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International Journal of Clinical Cardiology





DOI: 10.23937/2378-2951/1410087



Validation and Simplification of a Scoring Model Derived for Prediction of Poor Coronary Collateral Circulation in Acute Non-St Elevation Myocardial Infarction

Mehmet İleri1*, Koray Gürsel1, Funda Başyiğit1, Pınar Türker Bayır1, Deniz Şahin1, Ümit Güray1, Özgül Uçar1, Burak Acer2 and Yahya Büyükaşık3


1Department of Cardiology, Ankara Numune Education and Research Hospital, Ankara, Turkey
2Department of Cardiology, Türkiye Yüksek İhtisas Education and Research Hospital, Ankara, Turkey
3Department of Hematology, Faculty of Medicine, Hacettepe University, Ankara, Turkey


*Corresponding author: Mehmet İleri, Department of Cardiology, Ankara Numune Education and Research Hospital, Ankara, Turkey, Tel: +90 505 485 9803, E-mail: maraspoli2020@gmail.com
Int J Clin Cardiol, IJCC-3-087, (Volume 3, Issue 2), Research Article; ISSN: 2378-2951
Received: April 15, 2016 | Accepted: September 17, 2016 | Published: September 20, 2016
Citation: İleri M, Gürsel K, Başyiğit F, Bayır PT, Şahin D, et al. (2016) Validation and Simplification of a Scoring Model Derived for Prediction of Poor Coronary Collateral Circulation in Acute Non-St Elevation Myocardial Infarction. Int J Clin Cardiol 3:087. 10.23937/2378-2951/1410087
Copyright: © 2016 İleri M, et al. This is an open-access article distributed under the terms of the Creative Commons Attribution License, which permits unrestricted use, distribution, and reproduction in any medium, provided the original author and source are credited.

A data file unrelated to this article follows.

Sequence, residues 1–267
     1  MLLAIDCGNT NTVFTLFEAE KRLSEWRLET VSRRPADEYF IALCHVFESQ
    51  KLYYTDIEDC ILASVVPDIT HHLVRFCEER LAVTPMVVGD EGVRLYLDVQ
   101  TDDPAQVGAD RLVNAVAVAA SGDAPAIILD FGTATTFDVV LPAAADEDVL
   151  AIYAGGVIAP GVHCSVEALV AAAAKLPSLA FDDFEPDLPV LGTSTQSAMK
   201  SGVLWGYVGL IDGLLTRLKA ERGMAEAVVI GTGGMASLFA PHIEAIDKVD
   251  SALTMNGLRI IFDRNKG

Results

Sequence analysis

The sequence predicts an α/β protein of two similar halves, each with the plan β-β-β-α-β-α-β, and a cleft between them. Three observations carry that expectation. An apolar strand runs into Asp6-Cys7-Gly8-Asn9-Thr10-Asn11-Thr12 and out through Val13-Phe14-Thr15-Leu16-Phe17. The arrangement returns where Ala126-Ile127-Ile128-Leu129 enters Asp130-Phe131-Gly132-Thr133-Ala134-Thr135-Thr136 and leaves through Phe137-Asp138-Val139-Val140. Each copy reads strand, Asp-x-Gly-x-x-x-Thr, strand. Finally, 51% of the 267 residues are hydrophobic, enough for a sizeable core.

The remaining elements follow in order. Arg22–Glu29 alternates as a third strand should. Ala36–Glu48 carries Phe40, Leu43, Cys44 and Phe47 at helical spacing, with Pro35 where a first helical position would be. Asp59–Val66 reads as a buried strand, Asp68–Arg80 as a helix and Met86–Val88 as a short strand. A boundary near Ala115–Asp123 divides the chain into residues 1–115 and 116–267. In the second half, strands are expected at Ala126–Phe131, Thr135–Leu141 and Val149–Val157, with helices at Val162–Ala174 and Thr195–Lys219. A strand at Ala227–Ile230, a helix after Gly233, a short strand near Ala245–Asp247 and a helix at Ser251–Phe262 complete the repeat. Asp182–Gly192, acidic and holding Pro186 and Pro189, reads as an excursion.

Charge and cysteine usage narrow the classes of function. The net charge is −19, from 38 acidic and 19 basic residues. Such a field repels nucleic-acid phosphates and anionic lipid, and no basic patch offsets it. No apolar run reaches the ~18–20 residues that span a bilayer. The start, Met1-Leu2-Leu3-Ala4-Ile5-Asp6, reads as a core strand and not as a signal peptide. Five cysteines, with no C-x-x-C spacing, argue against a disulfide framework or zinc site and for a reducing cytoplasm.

Abstract

Introduction and objective: The aim of this study was to provide validation and simplification of the scoring model derived for prediction of poor coronary collateral circulation (CCC) in acute non-ST elevation myocardial infarction (NSTEMI) in a population-based prospective cohort.

Patient and methods: The validation cohort consisted of 136 consecutive patients with NSTEMI admitted to coronary care units of three referral hospitals within 24 hours of symptom onset and scheduled to undergo coronary angiography within 48 hours of hospitalization. Coronary collateral development was graded according to the Cohen-Rentrop method. Presence of diabetes mellitus (DM), ≥ 7.85 × 103/μL WBC and ≥ 6.25 × 103/μL neutrophil count were assigned with 2 points; high NLR (≥ 4.5) with 1 point and older age (≥ 70 years old) with -1 point as defined in the derivation cohort. These individual points were then added together to provide a total risk score for every patient.

Results: In our validation cohort, the global score was well predictive for poor CCC (AUC [95% confidence interval]: 0.859 [0.797-0.922], p < 0.001). Eliminations of age, NLR or both did not impair predictivity of the score. The simplified score including only WBC, neutrophil and DM had 45/51 (88.2%) positive and 40/45 (88.9%) negative predictivities for total scores of ≥ 4 (2 or 3 risk factors) and 0 (no risk factor), respectively. The model was informative in 96 of 136 (70.5%) patients.

Conclusion: This study represents successful validation and simplification of a scoring model derived for prediction of PCC in patients with acute NSTEMI in a prospective cohort.